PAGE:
“The trip will underscore the commitment of the United States to our enduring alliances with Japan and the Republic of Korea, and further strengthen U.S.-Japan-Republic of Korea security cooperation,” Capt. Jeff Davis, a Pentagon spokesman, said last week when the trip was announced.

Mattis’ visit is intended to reassure U.S. allies in the region that it will maintain its security commitments, especially at a time when North Korea has grown increasingly provocative in the development of its ballistic missile and nuclear weapons programs.

President Trump’s withdrawal from the Trans-Pacific Partnership (TPP) trade agreement has unsettled some of America’s allies in the region.

Tensions have also been heightened in the South China Sea, where China’s territorial claims and its construction on disputed islands have raised alarms in neighboring countries.

ABC News takes a look at some of the security issues in the region.

North Korean Provocations

Mattis’ first overseas stop will be in South Korea, where the United States has 28,500 troops to deter North Korean aggression.

North Korean leader Kim Jong-un announced earlier this month that his military would soon begin preparations to conduct a test of an Intercontinental Ballistic Missile (ICBM) that could potentially reach the mainland United States. U.S. officials have said that no test appears imminent, but the announcement culminated a year’s worth of provocative behavior by North Korea that included two nuclear test explosions and a slew of long-range missile launches.

Some of the missile tests were spectacular failures, but the pace of the testing raised concerns that North Korea was determined to make fast advancements.

North Korea’s goal is to develop a nuclear weapon small enough to be placed atop a long-range missile. Late last year, a senior U.S. military official said it appeared that North Korea has still not mastered the re-entry technology that would make an ICBM with a miniaturized warhead a viable threat.

To address South Korean concerns, the United States will soon deploy a missile intercept system, known as Terminal High Altitude Air Defense (THAAD), which would protect Seoul and other parts of South Korea from a missile attack. The United States has maintained that the system is defensive, but China opposes it out of concerns it is designed to contain its missile programs.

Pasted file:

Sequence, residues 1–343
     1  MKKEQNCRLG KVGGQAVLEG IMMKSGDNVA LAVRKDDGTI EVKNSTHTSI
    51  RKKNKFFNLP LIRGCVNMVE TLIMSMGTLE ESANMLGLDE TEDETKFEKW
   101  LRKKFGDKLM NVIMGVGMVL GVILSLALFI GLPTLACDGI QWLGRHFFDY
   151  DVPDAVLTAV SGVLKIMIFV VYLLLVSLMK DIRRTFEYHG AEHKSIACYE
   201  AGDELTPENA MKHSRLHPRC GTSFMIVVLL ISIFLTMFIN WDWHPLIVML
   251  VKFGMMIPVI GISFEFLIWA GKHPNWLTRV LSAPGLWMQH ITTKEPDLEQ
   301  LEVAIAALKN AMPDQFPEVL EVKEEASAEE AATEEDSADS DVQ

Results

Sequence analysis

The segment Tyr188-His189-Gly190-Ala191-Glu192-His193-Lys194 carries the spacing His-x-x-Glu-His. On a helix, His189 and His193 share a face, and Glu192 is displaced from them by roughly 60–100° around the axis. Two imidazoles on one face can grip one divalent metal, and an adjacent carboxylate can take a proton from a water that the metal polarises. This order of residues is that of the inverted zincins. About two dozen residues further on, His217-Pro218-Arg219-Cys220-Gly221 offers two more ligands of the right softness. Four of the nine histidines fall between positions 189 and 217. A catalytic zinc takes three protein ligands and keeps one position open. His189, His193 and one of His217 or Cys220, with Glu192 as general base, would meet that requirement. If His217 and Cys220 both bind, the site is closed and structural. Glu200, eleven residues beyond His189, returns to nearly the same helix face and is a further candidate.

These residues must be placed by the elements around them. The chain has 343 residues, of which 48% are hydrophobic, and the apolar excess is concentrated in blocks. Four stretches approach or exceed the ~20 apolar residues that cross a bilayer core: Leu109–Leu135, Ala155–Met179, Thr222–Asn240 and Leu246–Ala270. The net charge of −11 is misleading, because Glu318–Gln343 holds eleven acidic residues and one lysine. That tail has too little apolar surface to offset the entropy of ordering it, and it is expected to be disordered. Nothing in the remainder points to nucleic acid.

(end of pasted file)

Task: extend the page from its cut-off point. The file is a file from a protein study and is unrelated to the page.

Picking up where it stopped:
South China Sea

Over the past few years, China has built up man-made islands around seven reefs in the Spratly Island chain in the South China Sea that it claims are Chinese territory. To bolster its long-term claims, the artificial islands have been equipped with ports, runways and radar facilities. Despite assertions that it does not intend to militarize the islands, commercial satellite images released late last year indicated that large anti-aircraft guns and weapons systems had been installed on the islands.

The United States did not take sides in South China Sea territorial disputes under the Obama administration. But to ensure the right of passage through what it considers international waters and airspace, U.S. Navy warships have transited within the 12 nautical mile limits of some of the disputed islands in what are called “freedom of navigation operations.”

China reacted negatively to comments this week from White House press secretary Sean Spicer, who said that if the disputed islands are in international waters “and not part of China proper, then yes, we’re gonna make sure that we defend international territories from being taken over by one country.”